Monday’s budget saw Phillip Hammond announce, as expected, that the IR35 (off-payroll working) rule is to be rolled into the private sector, to bring it in line with the public sector. HMRC introduced the controversial IR35 rules for the public sector in April 2017. Instead of the contractor having responsibility for determining their employment status, the client or hirer now needs to make the call. They would be liable for any missing tax if they got the decision wrong.

The changes for the private sector will happen in April 2020, rather than 2019, which will see many organisations breathe a sigh of relief. But it’s important to reiterate that this is not a chance to sit back and relax, more a much-needed opportunity to proactively prepare for the shift.

For those unfamiliar with the IR35 guidelines, HMRC explains the rules thus:

      • It is fair that two individuals working, in the same way, pay broadly the same income tax and National Insurance contributions (NICs), even if one of them works through a company. The off-payroll working rules were introduced in 2000 and require that individuals who work as employees, but through companies, pay similar taxes to other employees.
      • Contractors who do not comply with the rules pay significantly less income tax and NICs than an equivalent employee. HMRC estimates the cost of non-compliance to the exchequer will reach £1.3 billion a year by 2023-24.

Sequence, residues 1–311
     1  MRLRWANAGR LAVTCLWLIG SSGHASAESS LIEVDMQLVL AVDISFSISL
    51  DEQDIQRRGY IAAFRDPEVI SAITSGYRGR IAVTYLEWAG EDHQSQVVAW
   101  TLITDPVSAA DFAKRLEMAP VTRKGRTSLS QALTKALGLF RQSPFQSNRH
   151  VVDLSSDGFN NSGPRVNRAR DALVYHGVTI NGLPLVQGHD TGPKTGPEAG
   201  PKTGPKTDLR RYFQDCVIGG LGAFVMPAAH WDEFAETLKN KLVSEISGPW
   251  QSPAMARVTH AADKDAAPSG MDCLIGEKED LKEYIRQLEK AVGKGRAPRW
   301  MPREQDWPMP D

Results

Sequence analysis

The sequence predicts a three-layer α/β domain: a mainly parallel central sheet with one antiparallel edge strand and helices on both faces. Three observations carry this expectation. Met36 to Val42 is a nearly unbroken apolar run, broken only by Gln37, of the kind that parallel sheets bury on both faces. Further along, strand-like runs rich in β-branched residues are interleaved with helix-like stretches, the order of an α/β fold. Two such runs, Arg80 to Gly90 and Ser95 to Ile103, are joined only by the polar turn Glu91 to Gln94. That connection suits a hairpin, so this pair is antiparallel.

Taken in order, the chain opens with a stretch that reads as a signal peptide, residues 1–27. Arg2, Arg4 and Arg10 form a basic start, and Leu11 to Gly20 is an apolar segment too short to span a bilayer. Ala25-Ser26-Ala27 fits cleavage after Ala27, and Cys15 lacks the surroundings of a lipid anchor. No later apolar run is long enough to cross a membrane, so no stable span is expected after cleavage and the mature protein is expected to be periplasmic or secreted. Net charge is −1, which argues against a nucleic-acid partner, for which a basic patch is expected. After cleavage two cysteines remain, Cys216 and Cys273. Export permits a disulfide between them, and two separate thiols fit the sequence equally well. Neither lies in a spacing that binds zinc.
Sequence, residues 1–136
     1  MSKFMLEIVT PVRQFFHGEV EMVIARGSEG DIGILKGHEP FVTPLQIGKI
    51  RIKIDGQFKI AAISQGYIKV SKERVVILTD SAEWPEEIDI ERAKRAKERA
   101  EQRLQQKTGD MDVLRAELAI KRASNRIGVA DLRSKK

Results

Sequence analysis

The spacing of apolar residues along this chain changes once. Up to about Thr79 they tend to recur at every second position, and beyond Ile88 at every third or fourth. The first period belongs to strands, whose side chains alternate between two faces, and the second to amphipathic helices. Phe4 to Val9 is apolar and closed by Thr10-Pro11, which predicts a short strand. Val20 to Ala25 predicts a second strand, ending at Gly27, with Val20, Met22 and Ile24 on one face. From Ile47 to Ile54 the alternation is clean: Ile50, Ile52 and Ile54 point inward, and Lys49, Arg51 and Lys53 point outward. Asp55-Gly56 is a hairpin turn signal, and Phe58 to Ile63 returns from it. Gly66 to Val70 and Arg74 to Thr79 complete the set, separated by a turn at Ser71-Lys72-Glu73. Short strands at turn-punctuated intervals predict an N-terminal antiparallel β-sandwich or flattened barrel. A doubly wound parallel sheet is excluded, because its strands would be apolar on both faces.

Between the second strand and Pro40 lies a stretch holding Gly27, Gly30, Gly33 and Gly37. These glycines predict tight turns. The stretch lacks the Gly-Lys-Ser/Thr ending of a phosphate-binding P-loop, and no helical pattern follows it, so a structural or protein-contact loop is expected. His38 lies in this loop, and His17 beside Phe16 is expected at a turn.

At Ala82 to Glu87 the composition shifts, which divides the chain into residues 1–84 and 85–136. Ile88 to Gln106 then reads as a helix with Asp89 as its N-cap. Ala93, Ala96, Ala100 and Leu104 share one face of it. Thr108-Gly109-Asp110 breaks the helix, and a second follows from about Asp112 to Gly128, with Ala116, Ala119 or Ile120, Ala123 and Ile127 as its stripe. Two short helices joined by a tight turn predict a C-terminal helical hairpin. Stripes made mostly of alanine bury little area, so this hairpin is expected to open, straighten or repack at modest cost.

• The reform will bring the private sector in line with the public sector, where evidence suggests compliance has improved since the reform was introduced in 2017. HMRC estimates the reform has raised £550 million in income tax and NICs in its first year.
      • The off-payroll working rules only affect people working like employees and through a company. They do not apply to the self-employed.

    What’s interesting, is that consultancy, freelancing and sub-contracting across the business world is steadily on the rise (as covered in our previous blog here). Portfolio working is becoming a new norm in the digital world, meaning that the potential impact of this roll out to businesses is huge.

    RPS has been assisting with IR35 for our clients for some time and we are well versed in this area thanks to our work with the public sector and the BBC. We’ve removed the headache of managing IR35 for the client thanks to the unique way our work packages are delivered. By taking ownership of projects and transferring the risk and delivery to us, we remove the need for businesses to bring in contractors to deliver short-term projects – and as such, the IR35 ‘issue’ is managed by the RPS team.

    With Brexit and many other issues for businesses to get their heads around over the next few months, now is the time to look at how to best manage the IR35 impact ahead of time. 2020 is only a stone’s throw away. We’ll be featuring more insight on IR35 in readiness over the coming months.

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